These predicted grades generally come from your teachers for each subject. They will probably give you an exam at the end of year 12 (if you aren't already taking AS exams) and base your grade on how well you do in these exams/ how well you are performing in class - e.g. if you consistently hand in high quality homework, coursework and class tests. Some schools encourage teachers to be a bit more generous with these predicted grades, since most universities use them to decide whether or not to give you an offer, however you should be wary about asking teachers to predict you unreasonably high grades since you still need to meet your conditional offer from the university. Essentially, think of the predicted grade (and reference) like the progress reports teachers use to write back in secondary school to let your parents know what kind of grade you are at

    Most students will be given conditional offers from each university (or rejections, if the university thinks you are not a good fit for them). This will be something like "achieve ABB in x, y, z subjects". You usually wait until you have replies from all five university choices before picking your firm (first) and insurance (second) choices. If you achieve the grades required by your firm choice, you are guaranteed a place there. If not, but you meet the grades required by your insurance choice, you are guaranteed a place at your insurance choice. Some universities may be a bit flexible, e.g. if you achieve BBB instead of ABB but your marks were close they may still let you in, but it's definitely not guaranteed.

    Another type of offer some universities give out are unconditional offers. These are 100% guaranteed places at this university - usually given to students who have already finished their A levels and are applying during a gap year, although there have been cases of current A level students with very high predicted grades being given unconditional offers as a way of enticing them to go to a perhaps slightly lower ranked university. This is very rare though.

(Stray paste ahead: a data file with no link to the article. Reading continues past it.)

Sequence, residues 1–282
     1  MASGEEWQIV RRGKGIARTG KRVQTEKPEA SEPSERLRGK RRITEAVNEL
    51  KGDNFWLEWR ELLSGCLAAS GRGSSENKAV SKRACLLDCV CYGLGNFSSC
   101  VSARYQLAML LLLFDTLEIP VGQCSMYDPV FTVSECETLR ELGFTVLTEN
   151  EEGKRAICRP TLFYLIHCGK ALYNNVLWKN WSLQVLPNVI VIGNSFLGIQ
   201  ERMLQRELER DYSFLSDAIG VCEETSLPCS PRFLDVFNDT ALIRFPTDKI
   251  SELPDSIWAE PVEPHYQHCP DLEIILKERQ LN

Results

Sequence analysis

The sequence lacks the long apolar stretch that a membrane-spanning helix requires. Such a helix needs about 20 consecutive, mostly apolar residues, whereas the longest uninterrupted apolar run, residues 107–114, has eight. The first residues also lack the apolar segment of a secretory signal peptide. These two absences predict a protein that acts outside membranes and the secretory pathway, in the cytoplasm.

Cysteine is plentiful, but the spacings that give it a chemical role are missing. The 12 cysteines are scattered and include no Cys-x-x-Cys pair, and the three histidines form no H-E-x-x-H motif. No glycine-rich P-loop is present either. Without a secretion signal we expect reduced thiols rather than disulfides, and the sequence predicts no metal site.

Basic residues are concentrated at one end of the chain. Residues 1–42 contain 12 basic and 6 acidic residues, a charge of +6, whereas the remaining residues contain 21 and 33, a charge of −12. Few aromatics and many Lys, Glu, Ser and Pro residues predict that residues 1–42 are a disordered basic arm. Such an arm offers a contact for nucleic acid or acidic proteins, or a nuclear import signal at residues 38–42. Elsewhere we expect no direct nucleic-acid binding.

If you don't meet your predicted grades it doesn't matter, as long as you meet the conditional offer grades. However, if you miss your conditional offer grades for both your firm and insurance choice, you will be placed into UCAS clearing (you can also request to be entered into clearing if you change your mind about university choices too). Essentially, UCAS clearing is where all the universities with spaces left on some of their courses (e.g. because they didn't have enough applicants, or too many of their offer holders failed to get the required grades) reopen applications for students who haven't yet confirmed a university place. Although I think UCAS clearing technically stays open for a few weeks, it's first-come-first-served, so there is a bit of a mad panic for a couple of days where students phone up universities and ask them if they would consider their application. If you end up in clearing, don't feel pressured to accept a university place if it isn't 100% the right course or university for you - you may be better off taking a gap year and reapplying, since there are only a limited range of courses in clearing.

    I hope this helps